TIP: If you take money out of your retirement account before you reach age 59½, it will be taxed, and you may pay a penalty. So, if you want to retire before age 59½, you’ll need some other sources of savings that will last you until then.
Don’t let debt keep you from retiring early
We’ve all been told that some debt can be necessary—such as a mortgage or student loans for your kids’ college. But debt can also get in the way of your plans, if you’re trying to retire early. Each long-term loan—and its interest payments—that you take on is money that you could’ve saved for your early retirement. If you have credit card debt, explore how you can lower your fees and interest rates, so you can keep more of your own money.
TIP: Too much debt can signal financial stress—in fact, 59% of workers say their debt is a problem, with one in five calling it a major problem.¹ Many credit card and other companies will work with you to reduce your payments or your rates.
A health savings account can help your retirement savings last longer
Healthcare costs are among the biggest expenses in retirement, potentially adding up to $285,000—or more.⁴ Using a health savings account (HSA), which is offered in tandem with high-deductible healthcare plans, can help you reserve your retirement savings for nonhealthcare expenses. HSAs can give you a three-tier tax advantage:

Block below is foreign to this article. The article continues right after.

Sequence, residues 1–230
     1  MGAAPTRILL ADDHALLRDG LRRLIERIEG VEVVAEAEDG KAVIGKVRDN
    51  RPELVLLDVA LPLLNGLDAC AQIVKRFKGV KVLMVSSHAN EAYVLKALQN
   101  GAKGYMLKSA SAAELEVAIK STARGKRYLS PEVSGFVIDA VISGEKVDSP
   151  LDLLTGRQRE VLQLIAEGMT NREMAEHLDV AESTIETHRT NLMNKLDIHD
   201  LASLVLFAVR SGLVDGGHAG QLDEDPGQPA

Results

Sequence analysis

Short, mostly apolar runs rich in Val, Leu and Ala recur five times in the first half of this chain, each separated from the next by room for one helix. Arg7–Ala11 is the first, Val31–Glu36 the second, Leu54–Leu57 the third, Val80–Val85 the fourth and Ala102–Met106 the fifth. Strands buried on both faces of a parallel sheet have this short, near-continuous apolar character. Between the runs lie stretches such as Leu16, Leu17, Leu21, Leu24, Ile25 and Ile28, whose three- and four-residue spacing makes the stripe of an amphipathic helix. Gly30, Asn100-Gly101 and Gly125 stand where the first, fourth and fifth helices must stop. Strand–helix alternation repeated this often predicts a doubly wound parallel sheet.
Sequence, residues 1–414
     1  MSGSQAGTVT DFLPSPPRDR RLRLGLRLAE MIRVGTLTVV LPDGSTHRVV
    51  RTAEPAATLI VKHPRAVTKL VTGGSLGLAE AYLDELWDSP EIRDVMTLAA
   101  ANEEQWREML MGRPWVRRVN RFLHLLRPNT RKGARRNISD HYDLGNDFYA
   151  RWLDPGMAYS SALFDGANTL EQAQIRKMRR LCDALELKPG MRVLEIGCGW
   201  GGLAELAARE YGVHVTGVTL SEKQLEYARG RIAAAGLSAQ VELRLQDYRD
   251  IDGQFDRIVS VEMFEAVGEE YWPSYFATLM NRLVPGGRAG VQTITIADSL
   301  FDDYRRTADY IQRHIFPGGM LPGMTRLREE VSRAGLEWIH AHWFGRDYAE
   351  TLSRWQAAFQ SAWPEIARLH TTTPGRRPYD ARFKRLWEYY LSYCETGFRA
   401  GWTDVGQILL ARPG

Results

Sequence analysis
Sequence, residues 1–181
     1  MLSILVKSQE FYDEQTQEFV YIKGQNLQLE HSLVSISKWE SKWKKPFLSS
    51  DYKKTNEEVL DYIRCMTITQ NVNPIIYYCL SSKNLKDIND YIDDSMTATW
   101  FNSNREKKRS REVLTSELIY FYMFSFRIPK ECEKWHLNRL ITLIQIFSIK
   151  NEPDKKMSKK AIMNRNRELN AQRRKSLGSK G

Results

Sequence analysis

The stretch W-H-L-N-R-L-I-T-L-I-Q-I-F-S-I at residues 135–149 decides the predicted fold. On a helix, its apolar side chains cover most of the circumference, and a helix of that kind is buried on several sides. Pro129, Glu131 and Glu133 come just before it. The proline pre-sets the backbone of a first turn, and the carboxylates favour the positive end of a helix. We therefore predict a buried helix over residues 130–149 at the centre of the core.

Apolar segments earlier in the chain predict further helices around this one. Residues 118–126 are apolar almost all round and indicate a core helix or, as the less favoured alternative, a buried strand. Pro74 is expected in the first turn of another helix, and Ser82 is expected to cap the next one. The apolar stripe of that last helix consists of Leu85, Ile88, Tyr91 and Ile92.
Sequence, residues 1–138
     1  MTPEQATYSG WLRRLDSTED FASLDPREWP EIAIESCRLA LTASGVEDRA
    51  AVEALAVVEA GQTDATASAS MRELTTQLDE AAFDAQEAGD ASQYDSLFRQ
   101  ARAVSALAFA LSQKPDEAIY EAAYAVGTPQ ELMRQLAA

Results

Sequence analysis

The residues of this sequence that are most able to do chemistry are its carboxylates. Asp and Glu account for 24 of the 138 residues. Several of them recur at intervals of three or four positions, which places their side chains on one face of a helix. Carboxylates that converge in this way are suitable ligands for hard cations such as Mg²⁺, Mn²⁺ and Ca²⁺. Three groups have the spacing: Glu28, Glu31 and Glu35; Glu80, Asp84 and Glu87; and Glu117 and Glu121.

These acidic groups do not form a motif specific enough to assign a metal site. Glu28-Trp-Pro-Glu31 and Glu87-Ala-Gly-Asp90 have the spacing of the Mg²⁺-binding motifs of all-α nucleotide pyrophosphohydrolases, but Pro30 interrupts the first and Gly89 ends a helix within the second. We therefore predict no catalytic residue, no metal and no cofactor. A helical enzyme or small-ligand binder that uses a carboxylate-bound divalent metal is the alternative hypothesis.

- Your money is exempt from taxes when you save it.
- The interest you earn on your HSA grows tax free.
- You pay no taxes when you withdraw from it, as long as the money is used for qualified medical expenses.
TIP: Your entire HSA balance carries over year to year, and you can take it with you if you change employers. You can use HSAs to pay for healthcare costs today or in the future—even in retirement, no matter when that may be.
Bringing in the experts can help you build a plan to retire early
Planning to retire early can be a complex decision, but you’re not alone. Talk to your friends and family, and have them ask questions to be sure you haven’t forgotten anything. Then visit with your financial professional to validate your assumptions and calculations—and factor in how things such as market activity and inflation could affect your plan. Remember that unexpected things can happen, from unforeseen health events to job market downturns. To help protect yourself, consider backup strategies, such as what you could do if you needed to find temporary work.
It’s a lot to consider. But then, having a plan that lets you retire early—on your terms—is well worth the effort.
1 John Hancock’s financial stress survey, John Hancock and Greenwald & Associates, June 2019. A survey of more than 3,500 workers to learn more about individual stress levels, their causes and effects, and strategies for relief. 2 “31 Cheapest U.S. Cities for Early Retirement,” Kiplinger, March 2020. 3 “Fact Sheet,” U.S. Social Security Administration, 2020. 4 “Estimates for Health Care Costs in Retirement Continue to Rise,” PLANSPONSOR, April 2019.
The content of this document is for general information only and is believed to be accurate and reliable as of the posting date, but may be subject to change. It is not intended to provide investment, tax, plan design, or legal advice (unless otherwise indicated). Please consult your own independent advisor as to any investment, tax, or legal statements made herein.